And yes, one might think we are Smurfs when we get together. Our sense of community (common + unity) is built during social events and service projects. We are like a lean, mean, green machine–some of us less lean and others a bit more mean, but we all come together to continue the mission. We don’t do this to just accomplish our own dreams, but so that we may help families, friends, neighborhoods and partner nonprofits realize theirs.

As Wilson said, and my dad would agree, we CAN break the barriers that divide us to ensure that things, places, and people stay united.

Now, alongside the nonprofit organization GEN2050, the Miami and Broward 1st platoons restored and rebuilt this community’s garden, a living laboratory for youth discovery and therapy.

I Went from Green to Blue, and You Can Too!

While the places and faces may change, the fact is that we are all immigrants or descendants of immigrants. There will always be a place for you to belong, and a mission to continue.

I invite you and your family to join our Smurfy group of blue-shirt volunteers.

How I Learned to Select a Diverse Team (And Why it Matters)

August 28, 2018
By Mary Beth Bruggeman, VP of Program Strategy

At The Mission Continues, diverse teams are representative of the veterans and the community members that we serve.

Why bother to build diverse teams in the first place, and how can you do it effectively?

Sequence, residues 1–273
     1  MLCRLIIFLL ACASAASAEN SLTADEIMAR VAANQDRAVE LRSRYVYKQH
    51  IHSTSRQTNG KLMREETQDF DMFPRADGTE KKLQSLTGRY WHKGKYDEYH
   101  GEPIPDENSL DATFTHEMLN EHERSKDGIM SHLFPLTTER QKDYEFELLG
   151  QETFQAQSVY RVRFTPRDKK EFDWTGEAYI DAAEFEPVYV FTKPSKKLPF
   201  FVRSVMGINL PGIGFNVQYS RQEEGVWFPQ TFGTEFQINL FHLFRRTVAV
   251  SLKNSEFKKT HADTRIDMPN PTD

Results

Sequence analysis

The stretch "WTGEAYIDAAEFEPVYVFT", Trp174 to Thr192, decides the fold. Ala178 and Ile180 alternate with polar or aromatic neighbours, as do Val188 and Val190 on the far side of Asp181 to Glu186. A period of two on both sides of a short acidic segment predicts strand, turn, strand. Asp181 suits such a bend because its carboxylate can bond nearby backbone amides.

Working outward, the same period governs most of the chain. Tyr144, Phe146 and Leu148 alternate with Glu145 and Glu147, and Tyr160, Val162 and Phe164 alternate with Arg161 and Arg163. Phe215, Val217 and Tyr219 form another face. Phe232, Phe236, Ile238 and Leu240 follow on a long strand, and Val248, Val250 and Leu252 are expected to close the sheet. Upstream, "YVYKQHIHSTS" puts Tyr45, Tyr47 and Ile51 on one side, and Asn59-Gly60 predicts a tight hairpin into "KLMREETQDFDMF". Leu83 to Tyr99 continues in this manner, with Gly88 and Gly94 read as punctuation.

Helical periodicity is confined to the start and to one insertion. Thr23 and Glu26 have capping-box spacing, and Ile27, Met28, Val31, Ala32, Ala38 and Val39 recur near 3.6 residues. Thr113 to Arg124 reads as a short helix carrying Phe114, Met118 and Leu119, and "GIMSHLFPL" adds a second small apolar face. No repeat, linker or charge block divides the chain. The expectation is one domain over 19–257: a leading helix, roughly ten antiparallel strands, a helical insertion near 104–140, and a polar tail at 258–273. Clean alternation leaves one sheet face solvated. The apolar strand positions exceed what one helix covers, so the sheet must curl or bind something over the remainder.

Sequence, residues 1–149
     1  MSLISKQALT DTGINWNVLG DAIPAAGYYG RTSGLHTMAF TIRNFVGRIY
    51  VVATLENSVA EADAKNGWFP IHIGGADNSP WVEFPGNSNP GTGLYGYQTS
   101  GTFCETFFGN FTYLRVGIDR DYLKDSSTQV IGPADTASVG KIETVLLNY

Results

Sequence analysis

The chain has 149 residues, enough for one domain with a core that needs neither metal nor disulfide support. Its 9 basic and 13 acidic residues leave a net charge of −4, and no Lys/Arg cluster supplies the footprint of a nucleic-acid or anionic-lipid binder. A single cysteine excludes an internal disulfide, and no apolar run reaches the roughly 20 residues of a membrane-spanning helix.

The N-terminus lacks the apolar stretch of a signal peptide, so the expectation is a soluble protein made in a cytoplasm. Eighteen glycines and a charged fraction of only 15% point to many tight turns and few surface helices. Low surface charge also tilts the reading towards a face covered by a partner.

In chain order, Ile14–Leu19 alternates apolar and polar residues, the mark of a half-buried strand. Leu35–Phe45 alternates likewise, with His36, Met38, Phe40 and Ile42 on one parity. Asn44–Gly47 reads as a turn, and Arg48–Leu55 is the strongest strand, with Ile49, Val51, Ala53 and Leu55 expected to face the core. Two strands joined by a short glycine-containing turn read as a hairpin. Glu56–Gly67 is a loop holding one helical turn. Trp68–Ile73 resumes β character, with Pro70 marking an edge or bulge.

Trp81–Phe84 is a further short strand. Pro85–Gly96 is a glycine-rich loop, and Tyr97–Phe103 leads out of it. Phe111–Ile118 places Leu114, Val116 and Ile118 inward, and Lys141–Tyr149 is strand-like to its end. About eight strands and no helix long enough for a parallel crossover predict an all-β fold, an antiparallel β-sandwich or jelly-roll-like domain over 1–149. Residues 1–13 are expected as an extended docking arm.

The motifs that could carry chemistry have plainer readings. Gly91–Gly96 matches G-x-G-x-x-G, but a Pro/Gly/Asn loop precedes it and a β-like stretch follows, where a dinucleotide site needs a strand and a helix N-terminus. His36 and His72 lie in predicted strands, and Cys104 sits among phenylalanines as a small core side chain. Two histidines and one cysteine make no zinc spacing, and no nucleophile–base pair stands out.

If you’re wondering why diverse teams matter, I’ll break it down in terms that translate to everything we (and others) do. Diverse teams — in race, gender, identity, experience, age and many other factors– are proven to make better decisions.

There is ample evidence that companies with the higher percentages of racial/ethnic diversity are more likely to have higher financial returns than companies with less diverse teams. Among other benefits, organizations that embrace diversity have employees that are more likely to feel connected to others in the workplace, which fuels collaboration and innovation.

Veterans at our 2018 Women Veteran Leadership Summit in Washington, D.C.

It matters in our work at The Mission Continues, because diverse teams are representative of the veterans and the community members that we serve, along with being generally more effective decision making bodies. Continue reading “How I Learned to Select a Diverse Team (And Why it Matters)”

The Battle for (Bio)Diversity

February 23, 2018
By David Riera, Fellow Alum

Social equality – or the lack thereof — has played a deciding role in how communities identify, thrive, survive, or die. Every community — from the veteran community to the conservation community — has to actively find those voices that have been left out of the conversation, and empower them to be heard.